The point of origin of the Christian faith is Jesus Christ.
As we learn from the Acts of the Apostles, when Philip baptized the Ethiopian, a profession of faith in Jesus Christ our Saviour had to be expressed before someone could be baptized a Christian.
“What is to prevent my being baptized?”
“And Philip said, “And if you believe with all your heart, you may.”
“And he [the Ethiopian] replied,
“I believe that Jesus Christ is the Son of God.”
Acts of the Apostles 8:36-37
The above statement was the earliest and most basic form of the creed.
A creed is a willful and brief summary statement or profession of the Christian faith. The word “Creed” comes from the Latin word Credo, which means “I believe.” Examples include the Apostles’ Creed (“I believe”) or the Nicene Creed (“We believe”). They are also known as “symbols of faith.”
AN EARLY SYMBOL OF CHRISTIANITY
Christianity fell under intense persecution in the first century during the Roman Empire, beginning with Nero in 64 AD. But it was the powerful witness of Christian martyrs that led to continued spread of the faith. Persecution of Christianity under Roman rulers lasted for 300 years, until the Roman Emperor Constantine issued the Edict of Milan in 313, which mandated complete toleration of Christianity in the Roman Empire.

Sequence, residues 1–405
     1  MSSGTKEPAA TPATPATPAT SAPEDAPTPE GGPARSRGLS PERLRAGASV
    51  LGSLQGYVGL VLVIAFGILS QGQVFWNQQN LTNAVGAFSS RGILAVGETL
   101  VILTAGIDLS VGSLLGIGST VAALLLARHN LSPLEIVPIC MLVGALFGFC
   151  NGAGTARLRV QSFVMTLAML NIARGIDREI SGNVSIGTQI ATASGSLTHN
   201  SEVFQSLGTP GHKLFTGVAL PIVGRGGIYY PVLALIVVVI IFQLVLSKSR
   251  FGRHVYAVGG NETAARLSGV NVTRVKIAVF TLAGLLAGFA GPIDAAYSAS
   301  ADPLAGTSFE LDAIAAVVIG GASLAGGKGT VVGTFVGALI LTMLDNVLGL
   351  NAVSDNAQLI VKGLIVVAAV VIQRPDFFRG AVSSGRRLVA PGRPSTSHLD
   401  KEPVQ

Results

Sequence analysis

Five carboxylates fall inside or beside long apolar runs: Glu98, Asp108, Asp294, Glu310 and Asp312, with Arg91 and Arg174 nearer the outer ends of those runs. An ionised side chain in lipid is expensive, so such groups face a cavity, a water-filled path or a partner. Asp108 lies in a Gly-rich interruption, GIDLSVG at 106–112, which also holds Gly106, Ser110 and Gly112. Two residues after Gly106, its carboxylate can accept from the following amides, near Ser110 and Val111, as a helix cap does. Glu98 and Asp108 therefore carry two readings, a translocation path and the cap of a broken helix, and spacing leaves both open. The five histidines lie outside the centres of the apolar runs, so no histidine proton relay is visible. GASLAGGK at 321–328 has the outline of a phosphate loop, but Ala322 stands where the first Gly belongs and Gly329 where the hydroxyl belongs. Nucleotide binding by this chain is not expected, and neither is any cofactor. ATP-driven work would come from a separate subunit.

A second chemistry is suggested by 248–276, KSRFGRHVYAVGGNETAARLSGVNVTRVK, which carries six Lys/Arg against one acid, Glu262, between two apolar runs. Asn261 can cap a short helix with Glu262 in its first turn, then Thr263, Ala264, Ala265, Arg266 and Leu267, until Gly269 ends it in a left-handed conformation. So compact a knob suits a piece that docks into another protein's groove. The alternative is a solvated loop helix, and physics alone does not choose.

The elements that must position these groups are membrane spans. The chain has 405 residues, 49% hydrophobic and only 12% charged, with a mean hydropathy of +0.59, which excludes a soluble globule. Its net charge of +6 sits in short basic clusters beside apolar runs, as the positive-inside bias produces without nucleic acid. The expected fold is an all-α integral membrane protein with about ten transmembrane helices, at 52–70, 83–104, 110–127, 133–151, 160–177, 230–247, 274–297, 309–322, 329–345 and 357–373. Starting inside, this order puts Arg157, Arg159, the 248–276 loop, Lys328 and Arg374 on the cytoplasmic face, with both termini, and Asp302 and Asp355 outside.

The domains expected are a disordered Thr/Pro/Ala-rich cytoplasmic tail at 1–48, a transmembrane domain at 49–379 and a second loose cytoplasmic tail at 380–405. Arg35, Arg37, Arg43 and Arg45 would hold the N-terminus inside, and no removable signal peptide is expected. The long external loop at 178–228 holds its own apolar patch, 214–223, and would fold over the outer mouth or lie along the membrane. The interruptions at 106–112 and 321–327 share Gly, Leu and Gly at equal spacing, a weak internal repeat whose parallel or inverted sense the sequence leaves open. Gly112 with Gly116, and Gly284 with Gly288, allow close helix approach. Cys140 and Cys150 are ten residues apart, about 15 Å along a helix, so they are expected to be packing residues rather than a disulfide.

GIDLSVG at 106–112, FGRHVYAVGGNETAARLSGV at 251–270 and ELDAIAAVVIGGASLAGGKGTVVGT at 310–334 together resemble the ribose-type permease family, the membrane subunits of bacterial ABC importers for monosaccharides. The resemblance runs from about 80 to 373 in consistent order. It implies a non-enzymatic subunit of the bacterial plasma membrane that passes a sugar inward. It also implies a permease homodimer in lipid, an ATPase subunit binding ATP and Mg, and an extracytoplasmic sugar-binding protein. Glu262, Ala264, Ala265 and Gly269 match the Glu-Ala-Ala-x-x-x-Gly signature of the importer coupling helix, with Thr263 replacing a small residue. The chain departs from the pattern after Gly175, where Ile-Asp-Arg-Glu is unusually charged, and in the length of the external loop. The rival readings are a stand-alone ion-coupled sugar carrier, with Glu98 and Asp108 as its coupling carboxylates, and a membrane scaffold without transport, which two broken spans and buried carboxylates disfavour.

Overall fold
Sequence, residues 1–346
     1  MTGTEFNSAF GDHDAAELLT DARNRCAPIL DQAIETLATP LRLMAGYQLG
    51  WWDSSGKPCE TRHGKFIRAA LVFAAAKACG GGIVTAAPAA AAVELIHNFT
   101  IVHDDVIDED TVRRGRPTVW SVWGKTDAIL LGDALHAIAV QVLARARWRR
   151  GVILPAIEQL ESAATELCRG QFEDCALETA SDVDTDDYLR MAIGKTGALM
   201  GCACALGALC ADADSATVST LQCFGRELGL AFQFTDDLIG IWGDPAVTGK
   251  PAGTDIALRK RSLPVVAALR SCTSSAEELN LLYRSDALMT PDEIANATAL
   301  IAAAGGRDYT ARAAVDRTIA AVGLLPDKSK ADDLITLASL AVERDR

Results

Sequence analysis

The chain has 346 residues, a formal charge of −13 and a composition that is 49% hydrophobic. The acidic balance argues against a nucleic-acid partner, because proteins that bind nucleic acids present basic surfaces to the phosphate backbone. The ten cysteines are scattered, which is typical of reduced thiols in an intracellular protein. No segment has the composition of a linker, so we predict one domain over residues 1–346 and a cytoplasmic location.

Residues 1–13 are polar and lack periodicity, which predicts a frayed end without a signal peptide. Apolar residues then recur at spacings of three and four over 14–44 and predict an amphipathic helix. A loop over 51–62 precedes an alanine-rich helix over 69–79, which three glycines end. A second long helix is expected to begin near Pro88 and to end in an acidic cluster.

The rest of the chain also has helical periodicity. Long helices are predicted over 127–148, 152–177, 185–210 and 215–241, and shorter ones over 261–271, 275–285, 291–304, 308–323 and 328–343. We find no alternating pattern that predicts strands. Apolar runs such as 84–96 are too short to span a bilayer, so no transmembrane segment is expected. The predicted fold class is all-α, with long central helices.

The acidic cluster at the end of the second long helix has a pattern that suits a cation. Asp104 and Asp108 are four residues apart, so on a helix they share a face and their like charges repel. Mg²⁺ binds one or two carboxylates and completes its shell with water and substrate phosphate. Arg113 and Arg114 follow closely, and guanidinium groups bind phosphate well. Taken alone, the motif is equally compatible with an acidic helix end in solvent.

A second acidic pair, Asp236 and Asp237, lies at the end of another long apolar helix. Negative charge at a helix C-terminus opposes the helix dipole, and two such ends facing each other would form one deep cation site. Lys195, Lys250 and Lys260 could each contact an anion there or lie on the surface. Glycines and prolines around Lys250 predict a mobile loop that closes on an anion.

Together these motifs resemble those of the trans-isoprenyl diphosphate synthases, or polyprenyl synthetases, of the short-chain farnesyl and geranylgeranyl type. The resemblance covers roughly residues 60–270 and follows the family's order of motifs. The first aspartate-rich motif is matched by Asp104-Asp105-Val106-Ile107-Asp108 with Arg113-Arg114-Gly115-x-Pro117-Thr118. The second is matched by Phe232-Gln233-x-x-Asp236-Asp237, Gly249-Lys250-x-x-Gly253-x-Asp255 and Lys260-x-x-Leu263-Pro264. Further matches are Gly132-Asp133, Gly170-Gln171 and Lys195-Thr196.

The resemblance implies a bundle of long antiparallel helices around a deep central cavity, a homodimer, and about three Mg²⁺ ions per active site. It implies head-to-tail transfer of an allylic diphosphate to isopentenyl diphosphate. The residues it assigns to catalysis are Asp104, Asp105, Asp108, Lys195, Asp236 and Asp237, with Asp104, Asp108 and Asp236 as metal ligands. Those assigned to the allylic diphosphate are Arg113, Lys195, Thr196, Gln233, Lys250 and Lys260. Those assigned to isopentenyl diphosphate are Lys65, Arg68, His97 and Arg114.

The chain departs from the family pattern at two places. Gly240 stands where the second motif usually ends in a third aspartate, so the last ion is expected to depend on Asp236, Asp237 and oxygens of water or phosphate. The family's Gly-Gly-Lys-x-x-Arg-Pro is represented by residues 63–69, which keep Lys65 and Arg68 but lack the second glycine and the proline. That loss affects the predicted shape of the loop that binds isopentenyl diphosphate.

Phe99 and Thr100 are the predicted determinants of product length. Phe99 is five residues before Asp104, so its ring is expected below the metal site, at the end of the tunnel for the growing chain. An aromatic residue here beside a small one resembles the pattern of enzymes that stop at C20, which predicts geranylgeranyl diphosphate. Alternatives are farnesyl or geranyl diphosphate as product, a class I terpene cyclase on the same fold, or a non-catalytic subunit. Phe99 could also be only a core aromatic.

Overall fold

The fish became a symbol of the Christian faith, adorning the catacombs and early Christian Churches. In a time when professing the Christian faith was an invitation to death, the fish became a secret code to introduce one Christian to another. One Christian would draw a curve representing half of the symbol, and the other one would complete the cryptic symbol by drawing the second curve (see image).
The fish captures the central meaning, the essential creed of the Christian faith, for the Greek word for fish is ichthus, an acronym or acrostic for
Jesus Christ, Son of God, Savior.
The statement “Jesus Christ, Son of God, Savior” captures both the person of Christ and his mission. Who Christ is, the Son of God, and His mission, Savior, are both expressed by the ancient symbol of the fish.
THE APOSTLES’ CREED
There were three means of transmitting the Christian faith through the early times of the Church: (1) the establishment of Church authority through Apostolic succession and the oral tradition of the Bishop, presbyter (priest), and deacon in teaching the faithful followers of Christ; (2) the development of the canon of the New Testament, first proposed by Irenaeus of Lyons, to discern which writings were truly inspired by the Holy Spirit and crucial to instruction in the faith ; and (3) the development of the Apostles’ Creed.
The Apostles’ Creed arose in the early Christian Church as a way of passing on the Christian Faith. The Creed, or Rule of Faith, was also an important guide to presbyters as well in interpretation of Scripture.